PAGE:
While the Hospital Employees’ Union, and the British Columbia Government Employees Union can celebrate a victory for all Canadian workers, the (mostly) women who lost salaries, benefits, severance pay and jobs through layoffs were not offered remedies by the court decision. Instead the B.C. government has one year to make illegal sections of its legislation comply with the court ruling.
This ruling has a legacy: it will imprint on the legal system at every level and each jurisdiction the recognition of labour rights as fundamental rights. According to the court: “Human dignity, equality, liberty, respect for the autonomy of the person and the enhancement of democracy are among the values that underlie the Charter âe¦ All of these values are complemented and indeed, promoted, by the protection of collective bargaining in s. 2(d) of the Charter.”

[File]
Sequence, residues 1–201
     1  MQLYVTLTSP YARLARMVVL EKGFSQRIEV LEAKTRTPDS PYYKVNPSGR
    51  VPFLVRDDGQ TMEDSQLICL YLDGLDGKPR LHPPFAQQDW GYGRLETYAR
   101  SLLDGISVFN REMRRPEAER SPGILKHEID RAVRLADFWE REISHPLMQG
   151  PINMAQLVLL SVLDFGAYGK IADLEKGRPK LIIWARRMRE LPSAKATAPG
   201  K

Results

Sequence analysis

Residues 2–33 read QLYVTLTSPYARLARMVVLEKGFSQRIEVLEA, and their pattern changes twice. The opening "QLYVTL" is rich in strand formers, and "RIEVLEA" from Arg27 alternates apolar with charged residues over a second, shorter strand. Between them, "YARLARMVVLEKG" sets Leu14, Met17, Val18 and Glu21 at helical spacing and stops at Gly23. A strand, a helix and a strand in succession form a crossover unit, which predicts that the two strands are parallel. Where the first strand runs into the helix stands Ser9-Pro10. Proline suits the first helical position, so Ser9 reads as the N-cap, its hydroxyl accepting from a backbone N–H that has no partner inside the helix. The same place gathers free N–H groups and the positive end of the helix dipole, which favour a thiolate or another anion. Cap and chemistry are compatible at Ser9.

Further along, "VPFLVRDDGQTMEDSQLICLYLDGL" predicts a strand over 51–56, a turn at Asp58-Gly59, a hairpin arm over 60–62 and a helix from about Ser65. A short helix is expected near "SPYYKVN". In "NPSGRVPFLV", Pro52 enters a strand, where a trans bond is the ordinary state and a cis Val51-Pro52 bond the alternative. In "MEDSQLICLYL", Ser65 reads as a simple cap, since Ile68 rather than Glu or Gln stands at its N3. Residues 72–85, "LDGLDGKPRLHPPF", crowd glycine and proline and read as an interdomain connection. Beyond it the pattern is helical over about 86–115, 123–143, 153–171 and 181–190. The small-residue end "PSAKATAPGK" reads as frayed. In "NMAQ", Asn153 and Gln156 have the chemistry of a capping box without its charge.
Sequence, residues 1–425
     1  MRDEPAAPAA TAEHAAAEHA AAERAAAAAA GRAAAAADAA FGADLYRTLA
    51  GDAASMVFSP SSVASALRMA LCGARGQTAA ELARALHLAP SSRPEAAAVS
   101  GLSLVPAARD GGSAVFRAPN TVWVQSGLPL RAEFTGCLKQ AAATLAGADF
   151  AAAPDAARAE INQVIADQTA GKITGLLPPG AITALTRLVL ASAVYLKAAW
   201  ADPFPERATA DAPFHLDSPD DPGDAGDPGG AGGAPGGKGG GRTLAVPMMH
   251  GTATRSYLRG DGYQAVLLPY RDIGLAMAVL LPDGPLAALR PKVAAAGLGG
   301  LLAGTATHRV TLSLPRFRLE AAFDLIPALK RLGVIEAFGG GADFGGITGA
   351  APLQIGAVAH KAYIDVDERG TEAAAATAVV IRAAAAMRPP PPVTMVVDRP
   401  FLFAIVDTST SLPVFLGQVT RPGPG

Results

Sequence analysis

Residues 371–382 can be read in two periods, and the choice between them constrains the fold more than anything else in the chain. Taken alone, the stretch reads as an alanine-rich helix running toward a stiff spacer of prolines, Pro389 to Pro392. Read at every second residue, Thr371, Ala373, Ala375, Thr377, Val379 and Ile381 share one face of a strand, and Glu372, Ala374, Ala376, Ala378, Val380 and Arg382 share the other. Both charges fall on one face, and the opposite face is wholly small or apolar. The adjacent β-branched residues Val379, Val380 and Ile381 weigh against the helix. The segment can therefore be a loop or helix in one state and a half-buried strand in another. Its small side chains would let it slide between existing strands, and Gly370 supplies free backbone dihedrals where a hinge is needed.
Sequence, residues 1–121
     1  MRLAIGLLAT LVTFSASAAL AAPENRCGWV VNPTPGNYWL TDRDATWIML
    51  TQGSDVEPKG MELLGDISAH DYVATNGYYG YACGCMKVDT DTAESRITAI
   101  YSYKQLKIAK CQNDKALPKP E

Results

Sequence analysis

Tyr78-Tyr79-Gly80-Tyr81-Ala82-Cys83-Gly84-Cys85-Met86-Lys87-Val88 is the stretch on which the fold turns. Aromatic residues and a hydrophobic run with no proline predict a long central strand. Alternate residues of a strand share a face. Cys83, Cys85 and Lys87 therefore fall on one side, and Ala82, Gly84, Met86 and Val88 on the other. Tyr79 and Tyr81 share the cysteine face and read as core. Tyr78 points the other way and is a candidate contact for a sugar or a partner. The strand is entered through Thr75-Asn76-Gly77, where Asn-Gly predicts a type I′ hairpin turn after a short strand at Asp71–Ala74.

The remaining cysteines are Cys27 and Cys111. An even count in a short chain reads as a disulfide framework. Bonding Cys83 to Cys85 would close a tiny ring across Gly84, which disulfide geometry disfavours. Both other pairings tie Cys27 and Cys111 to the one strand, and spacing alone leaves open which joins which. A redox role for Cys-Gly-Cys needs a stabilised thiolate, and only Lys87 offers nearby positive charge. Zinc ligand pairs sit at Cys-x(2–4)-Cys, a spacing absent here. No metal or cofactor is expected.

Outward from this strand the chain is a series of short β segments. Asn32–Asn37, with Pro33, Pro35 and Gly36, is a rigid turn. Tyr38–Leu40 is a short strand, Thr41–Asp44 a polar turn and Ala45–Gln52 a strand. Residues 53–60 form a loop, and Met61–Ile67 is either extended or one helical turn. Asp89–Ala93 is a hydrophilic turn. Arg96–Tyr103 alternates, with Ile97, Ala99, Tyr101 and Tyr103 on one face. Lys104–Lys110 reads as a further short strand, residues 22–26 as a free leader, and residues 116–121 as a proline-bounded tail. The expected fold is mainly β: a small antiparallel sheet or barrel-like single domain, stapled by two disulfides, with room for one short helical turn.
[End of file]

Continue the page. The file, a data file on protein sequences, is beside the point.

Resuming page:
Contrary to the charge of judicial activism leveled by the B.C. government against the Supreme Court, its judgment creates no new rights. In its ruling, the court points to collective bargaining as predating the establishment of particular labour relations regimes in Canada, and existing well before the Charter recognized the fundamental right to association.
The court acknowledges what was won through strikes, and related struggles — a legally enforceable right for unions to bargain collectively with private employers. The court cites legal scholars Judy Fudge and Harry Glasbeek: the union right to bargain was recognized by the federal government in wartime, by order-in-council PC 1003, and subsequently incorporated into provincial legislation. The Court refers to an article by CUPE research officer John Calvert to illustrate that only in the 1970s were collective bargaining rights extended to cover public sector workers.